Sometimes you just don’t need computers

Alastair Aitken 23 September 2013 0

Recently I received an email from a friend’s company; it had been sent in error by one of his recently-employed offspring. The excuse given for the error was, “it was sent by someone else who had been using my computer”, which is pretty much the non-pedagogical equivalent of, “my dog ate my homework.” It was not my business to enquire “who” actually sent the email, nor whether they were fully conversant with using the company’s email application. Perhaps I should have done.

Emails, thousands of ’em!

Fast-forward by a week and I received another email from the same email account, again sent in error, only this time I was not the only recipient: several hundred other email addresses had received the email, all of them current or previous customers of the company. The first complaint arrived hot on the heels of the original email and it had been sent as a “Reply To All”. They’ll be putting spammers out of a job at the rate they’re carrying on.

Such a mistake probably won’t mean my friend’s company losing many, if any, customers because the company excels at its core business and works hard to establish and maintain personal relationships with its clients.

Initially I thought back on the number of times I’ve thought that my friend should put in some form of Customer Relationship Management (CRM) tool to effectively manage sales leads, pre-sales, quotation processes and operational processes but I’ve come to realise that in this case it really isn’t necessary. When working in IT, it’s easy to overlook the fact that not everyone is as “into” technology as one’s immediate colleagues. Not every organisation is looking for, or needs, the latest and greatest computers, hardware and software.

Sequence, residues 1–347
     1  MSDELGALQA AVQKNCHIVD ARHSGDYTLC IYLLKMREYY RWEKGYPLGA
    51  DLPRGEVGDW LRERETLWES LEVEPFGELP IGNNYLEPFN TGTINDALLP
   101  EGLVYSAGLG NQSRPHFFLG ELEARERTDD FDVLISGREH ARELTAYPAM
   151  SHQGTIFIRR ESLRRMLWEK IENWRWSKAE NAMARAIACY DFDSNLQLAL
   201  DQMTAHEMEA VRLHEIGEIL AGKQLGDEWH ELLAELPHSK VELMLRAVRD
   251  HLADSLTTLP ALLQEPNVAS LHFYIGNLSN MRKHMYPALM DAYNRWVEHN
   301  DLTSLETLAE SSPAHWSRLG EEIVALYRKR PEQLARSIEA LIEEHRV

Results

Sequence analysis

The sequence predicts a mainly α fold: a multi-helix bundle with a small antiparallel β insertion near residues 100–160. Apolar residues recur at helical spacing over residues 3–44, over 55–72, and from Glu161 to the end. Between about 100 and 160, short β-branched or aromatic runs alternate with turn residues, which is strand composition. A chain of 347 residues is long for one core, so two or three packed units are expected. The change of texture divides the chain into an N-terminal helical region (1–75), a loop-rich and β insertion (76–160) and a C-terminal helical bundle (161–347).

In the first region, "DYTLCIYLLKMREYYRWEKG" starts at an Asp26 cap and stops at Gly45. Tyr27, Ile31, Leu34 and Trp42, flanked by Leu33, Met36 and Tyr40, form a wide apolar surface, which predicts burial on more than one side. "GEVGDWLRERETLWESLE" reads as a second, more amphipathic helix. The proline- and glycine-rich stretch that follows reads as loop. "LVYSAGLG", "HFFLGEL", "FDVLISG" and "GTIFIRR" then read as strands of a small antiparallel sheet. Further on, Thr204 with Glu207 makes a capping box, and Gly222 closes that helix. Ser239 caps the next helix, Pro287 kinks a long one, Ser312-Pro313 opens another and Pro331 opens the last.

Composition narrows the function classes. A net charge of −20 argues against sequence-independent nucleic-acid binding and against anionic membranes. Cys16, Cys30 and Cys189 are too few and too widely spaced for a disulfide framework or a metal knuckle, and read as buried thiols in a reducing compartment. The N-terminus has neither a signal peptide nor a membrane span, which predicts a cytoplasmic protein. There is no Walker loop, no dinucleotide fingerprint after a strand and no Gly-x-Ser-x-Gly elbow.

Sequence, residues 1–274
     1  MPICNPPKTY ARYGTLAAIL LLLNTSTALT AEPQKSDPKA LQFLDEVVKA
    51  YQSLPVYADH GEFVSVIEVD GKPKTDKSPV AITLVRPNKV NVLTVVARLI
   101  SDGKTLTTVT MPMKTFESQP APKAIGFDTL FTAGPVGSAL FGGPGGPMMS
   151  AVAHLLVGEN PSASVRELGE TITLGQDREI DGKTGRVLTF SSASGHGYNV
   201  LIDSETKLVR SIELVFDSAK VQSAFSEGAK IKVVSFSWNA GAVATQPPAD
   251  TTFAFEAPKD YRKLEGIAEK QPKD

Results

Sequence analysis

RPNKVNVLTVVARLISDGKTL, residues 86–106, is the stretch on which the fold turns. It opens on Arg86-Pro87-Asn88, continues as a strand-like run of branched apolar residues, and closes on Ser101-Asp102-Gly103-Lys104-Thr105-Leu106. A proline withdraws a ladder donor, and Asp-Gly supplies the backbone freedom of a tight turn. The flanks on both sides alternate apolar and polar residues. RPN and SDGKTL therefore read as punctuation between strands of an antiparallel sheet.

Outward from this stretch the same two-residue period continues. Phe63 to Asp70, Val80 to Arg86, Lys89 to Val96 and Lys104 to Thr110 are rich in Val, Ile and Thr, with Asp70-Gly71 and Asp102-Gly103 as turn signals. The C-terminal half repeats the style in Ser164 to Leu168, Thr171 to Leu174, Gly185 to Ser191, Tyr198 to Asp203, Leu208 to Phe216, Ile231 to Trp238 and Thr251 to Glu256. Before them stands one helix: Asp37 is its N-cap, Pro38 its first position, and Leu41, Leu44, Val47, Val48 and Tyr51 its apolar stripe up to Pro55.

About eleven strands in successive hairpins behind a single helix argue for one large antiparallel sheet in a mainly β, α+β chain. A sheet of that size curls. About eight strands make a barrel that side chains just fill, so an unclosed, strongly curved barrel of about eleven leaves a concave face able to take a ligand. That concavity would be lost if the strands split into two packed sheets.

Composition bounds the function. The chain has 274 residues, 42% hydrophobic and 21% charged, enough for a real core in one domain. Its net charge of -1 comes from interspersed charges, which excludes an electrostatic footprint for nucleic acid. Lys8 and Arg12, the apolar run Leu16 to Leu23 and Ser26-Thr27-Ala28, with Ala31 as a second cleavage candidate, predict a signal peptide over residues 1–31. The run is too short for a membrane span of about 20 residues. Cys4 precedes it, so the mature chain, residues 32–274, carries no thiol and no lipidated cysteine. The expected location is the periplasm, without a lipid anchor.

Techno-Luddite

My friend is no techno-Luddite, he loves new gadgets – he’ll have upgraded to iOS7 already – and applications as much as the next man. Recently his company was offered, and accepted, a trial installation of Microsoft Office 365. However the company already had licensed copies of desktop Microsoft Office, which all the staff were comfortable with using. Taking into account the on-going cost of the product and the re-training required, the return on investment was unlikely to be positive and the trial fell by the wayside.

Bob Cratchit

Distressing as it may seem to computer professionals, many organisations operate successfully with minimal IT infrastructure, investment and training. A different friend’s company is pretty much fully automated but when it comes to the company accounts, everything is written down in a large leather-bound book that looks as though it should sit on the desk of Bob Cratchit.

Crash-course

Training at my friend’s company is all pretty much “on the job” and on a needs-be basis. Only the bare-minimum of hardware and software gets bought and used. For him the approach works and he’s happy to accept that there will be occasional mishaps that may have been prevented. Although I suspect at least one employee will be getting a crash-course in basic email application usage.

Alastair Aitken (124 Posts)

As a contract developer and manager I’ve worked in a wide range of enterprises in a variety of countries where I’ve encountered everything from great work, awful work, bizarre work, all the way down to quasi-legal work. If you think that you recognise your own organisation within my articles then you’re undoubtedly wrong, where you work isn’t that unique.

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